Sunday, February 27, 2011

He-Man and the Sermon on the Mount

Sunday morning, I had the privilege of introducing my son to my favorite childhood hero, He-Man.  The introduction came via Hulu and when scrolling the episodes, I recognized what was my favorite episode as a child, "Dawn of Dragoon."  As a kid, it was my favorite episode because He-Man risked his life to save the bad guy. 

While trying to throw He-Man down the "bottomless pit of Tatoon", Dragoon is actually pulled over the edge and into the abyss.  Fortuitously for him, however, he's caught on a ledge.  In response to his calls for help, He-Man slides down to the ledge and then pulls Dragoon back up to safety.  Of all the He-Man episodes I watched as a child, that's the one scene that I remember.  It made quite an impression on me. 

Watching that episode 27 years later, however, the dialogue after that event (and believe me, He-Man has some lame dialogue) hit home with me in a new way. 

Dragoon:  “I don’t understand. You risked your life to save me? I wouldn’t have done that for you."
He-Man:  "That’s how we’re different. I believe in saving lives."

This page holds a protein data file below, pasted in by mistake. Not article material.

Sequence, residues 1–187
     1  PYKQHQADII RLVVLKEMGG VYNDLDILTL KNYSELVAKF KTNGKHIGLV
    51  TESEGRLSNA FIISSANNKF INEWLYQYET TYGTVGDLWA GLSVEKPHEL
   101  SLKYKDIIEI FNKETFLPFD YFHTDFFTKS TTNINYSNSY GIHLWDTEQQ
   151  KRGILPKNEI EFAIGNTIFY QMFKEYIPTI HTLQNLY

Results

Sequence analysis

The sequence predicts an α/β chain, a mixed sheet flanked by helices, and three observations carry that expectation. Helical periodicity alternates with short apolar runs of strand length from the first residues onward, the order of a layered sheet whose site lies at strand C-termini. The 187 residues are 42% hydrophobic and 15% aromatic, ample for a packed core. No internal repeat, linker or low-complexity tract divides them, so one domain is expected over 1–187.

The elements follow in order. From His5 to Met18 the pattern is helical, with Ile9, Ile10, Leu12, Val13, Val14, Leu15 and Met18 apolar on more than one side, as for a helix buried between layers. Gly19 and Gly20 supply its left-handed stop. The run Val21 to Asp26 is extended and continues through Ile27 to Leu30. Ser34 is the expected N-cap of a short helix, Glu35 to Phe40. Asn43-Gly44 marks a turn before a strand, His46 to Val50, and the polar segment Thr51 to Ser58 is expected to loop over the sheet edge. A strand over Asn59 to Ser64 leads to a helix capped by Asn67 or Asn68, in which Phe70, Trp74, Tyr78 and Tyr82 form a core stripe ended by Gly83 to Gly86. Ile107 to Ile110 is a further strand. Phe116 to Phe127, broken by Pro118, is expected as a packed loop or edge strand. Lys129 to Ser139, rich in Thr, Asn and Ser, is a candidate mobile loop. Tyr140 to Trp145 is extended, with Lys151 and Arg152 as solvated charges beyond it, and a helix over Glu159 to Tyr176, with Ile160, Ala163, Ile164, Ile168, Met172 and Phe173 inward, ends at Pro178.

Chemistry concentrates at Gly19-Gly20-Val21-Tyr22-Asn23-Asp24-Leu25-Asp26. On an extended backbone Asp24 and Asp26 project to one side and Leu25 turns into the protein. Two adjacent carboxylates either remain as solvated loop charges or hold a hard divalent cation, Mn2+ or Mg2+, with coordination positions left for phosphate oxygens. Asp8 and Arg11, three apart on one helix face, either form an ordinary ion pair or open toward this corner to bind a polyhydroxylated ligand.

Dragoon:  "Even your enemies?"
He-Man:  "I may be your enemy, but you’re not mine."
Dragoon:  "Maybe I’ve been wrong. Maybe saving lives is better."

All the reading I do from authors who take seriously Matthew 5:38-48 believe that one of the (many) reasons Jesus doesn't want his creation to kill is because it simply perpetuates evil.  One can see in history that when a group of revolutionaries use violence to overthrow a regime, the new regime set up by the revolutionaries often becomes as, or even more, violent than the previous regime.  While a forced lack of conflict (peace through superior firepower) can exist for awhile, it's not a real peace.  Violence simply begets more violence.  To take someone's life sends them into eternity, rather than giving them the chance to chance through a self-sacrificial love - the love Jesus showed for his enemies on Calvary. 

But loving one's enemies opens up the possibility of them being transformed.  While it's certainly likely the act of love may cost the Christian their physical life, it introduces their enemy to the love of Jesus.  And the love of Jesus is what our enemies need to encounter.  The sword leads to more bloodshed.  The cross leads to transformation.

What's also so interesting about this He-Man episode is that it counters the prevalence of the Myth of Redemptive Violence found in most kids' cartoons that feature good-guys and bad-guys, as pointed out by Walter Wink in The Powers that Be.

Matthew 5:38-48
38 "You have heard the law that says the punishment must match the injury: 'An eye for an eye, and a tooth for a tooth.'*39 But I say, do not resist an evil person! If someone slaps you on the right cheek, offer the other cheek also.40 If you are sued in court and your shirt is taken from you, give your coat, too.41 If a soldier demands that you carry his gear for a mile,* carry it two miles.42 Give to those who ask, and don't turn away from those who want to borrow.